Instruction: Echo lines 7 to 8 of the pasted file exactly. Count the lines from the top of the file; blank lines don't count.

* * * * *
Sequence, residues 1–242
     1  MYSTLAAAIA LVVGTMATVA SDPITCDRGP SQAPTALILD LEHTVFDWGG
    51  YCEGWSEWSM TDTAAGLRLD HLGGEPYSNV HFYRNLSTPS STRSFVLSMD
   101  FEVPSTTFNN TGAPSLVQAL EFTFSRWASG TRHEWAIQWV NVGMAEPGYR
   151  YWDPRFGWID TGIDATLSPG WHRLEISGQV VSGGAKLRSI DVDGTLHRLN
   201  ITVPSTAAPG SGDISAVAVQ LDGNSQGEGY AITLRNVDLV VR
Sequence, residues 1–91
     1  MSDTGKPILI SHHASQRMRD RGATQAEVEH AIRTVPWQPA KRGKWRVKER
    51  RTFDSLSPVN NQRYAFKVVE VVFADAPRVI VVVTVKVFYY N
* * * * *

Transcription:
Sequence, residues 1–91
     1  MSDTGKPILI SHHASQRMRD RGATQAEVEH AIRTVPWQPA KRGKWRVKER